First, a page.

|Moya O'Connell as Hedda Gabler (Photo by Emily Cooper)|
These aren’t the only infelicities in Henry’s interpretation. It’s full of ideas, but almost none of them works. The most baffling: to confirm the fact of Hedda’s pregnancy (which Tesman’s Aunt Juliana, played by Mary Haney, intuits in the opening scene and hints around about), Henry has her throw open the upstage double doors and vomit offstage into the garden, yet a few minutes later Brack exits that way with apparent impunity and not even a moment of distaste. The most flamboyant is the way Henry stages the last minute of the play, when Hedda shoots herself in the piano room: the stage is plunged briefly into expressionistic darkness before her blood sprays the scrim sealing off that room from the salon where the main action takes place. It also sprays the symbolic portrait of General Gabler, Hedda’s father. Now Ibsen makes a point of placing the portrait (which looks pretty amateurish in this version) above the mantel in full view of the audience, so in order to effect hercoup de théâtre Henry has to interpolate an awkward piece of staging earlier whereby Hedda, for no reason, removes it from its accustomed spot and replaces it on the other side of the scrim.
The Shaw fixed on the recent Richard Eyre translation of the play, which is a good one. It keeps all the humor that less sensitive versions sometimes dry out, and instead of repeating “Eh, Hedda?” in that risible way, Tesman just appends “No?” to his sentences, which makes the same point about the banality of his language (and imagination) without burdening the actor who has to make it sound like it comes out of a real human being’s mouth. McManus’s George is bespectacled and balding; he’s dull and clumsy and forgetful – an absent-minded professor type – but not ridiculous. But Henry sticks him with melodramatic gestures you just don’t believe. When Hedda confesses that she burned Eilert’s manuscript – in a desperate move to wield control over his life, though she lies to her husband that it was out of a desire to see him win a professorship over Eilert – McManus becomes hysterical and shakes her, which the mild-mannered Tesman would never do in a million years. (In the puzzling-textual-reading category, I also couldn’t make out Aunt Juliana’s obvious hostility toward Hedda: it isn’t in the text and it turns the benign old aunt, who lives for her nephew George’s happiness and is overjoyed that he’s married the town catch, into a character from some other play. And there must be some point to William Schmuck’s fussy set, with curtains draping the upstage arch that look like moth-eaten gingham and squares above the double doors that look like photographic slides, but I have no idea what it could be.)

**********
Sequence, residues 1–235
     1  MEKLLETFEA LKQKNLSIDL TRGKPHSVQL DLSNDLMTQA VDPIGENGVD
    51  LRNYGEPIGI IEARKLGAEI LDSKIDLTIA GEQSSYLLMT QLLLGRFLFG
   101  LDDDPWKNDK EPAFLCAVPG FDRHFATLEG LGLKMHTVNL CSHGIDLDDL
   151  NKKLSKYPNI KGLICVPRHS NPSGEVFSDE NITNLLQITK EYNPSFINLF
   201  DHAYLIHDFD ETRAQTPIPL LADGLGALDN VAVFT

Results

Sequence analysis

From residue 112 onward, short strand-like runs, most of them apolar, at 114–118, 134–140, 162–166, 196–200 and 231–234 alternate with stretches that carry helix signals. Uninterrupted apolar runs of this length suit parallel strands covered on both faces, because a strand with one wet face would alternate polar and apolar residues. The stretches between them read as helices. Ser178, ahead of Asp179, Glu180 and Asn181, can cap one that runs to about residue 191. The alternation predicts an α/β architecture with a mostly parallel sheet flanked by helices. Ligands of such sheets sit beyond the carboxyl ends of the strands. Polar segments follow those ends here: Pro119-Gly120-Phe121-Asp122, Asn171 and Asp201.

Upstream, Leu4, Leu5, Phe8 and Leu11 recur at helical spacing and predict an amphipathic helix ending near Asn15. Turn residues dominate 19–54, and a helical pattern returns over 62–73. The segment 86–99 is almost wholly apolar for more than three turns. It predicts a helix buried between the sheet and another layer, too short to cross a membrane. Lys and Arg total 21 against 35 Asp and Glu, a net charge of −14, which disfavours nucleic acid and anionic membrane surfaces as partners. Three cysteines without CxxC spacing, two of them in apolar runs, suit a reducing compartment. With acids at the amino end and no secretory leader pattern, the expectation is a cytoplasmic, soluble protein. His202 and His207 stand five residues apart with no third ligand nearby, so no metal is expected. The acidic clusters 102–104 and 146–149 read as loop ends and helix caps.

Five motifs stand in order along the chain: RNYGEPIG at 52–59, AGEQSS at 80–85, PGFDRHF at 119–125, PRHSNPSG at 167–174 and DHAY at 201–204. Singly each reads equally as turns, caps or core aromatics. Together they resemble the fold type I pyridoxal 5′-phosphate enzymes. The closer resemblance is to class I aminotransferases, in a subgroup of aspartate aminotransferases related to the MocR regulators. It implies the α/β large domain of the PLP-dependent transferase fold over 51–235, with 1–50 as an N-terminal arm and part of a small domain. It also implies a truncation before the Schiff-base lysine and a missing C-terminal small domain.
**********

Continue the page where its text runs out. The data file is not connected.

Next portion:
|Patrick McManus, Moya O'Connell & Claire Jullien (Photo by Emily Cooper)|
– Steve Vineberg is Distinguished Professor of the Arts and Humanities at College of the Holy Cross in Worcester, Massachusetts, where he teaches theatre and film. He also writes for The Threepenny Review and The Boston Phoenix and is the author of three books: Method Actors: Three Generations of an American Acting Style; No Surprises, Please: Movies in the Reagan Decade; and High Comedy in American Movies.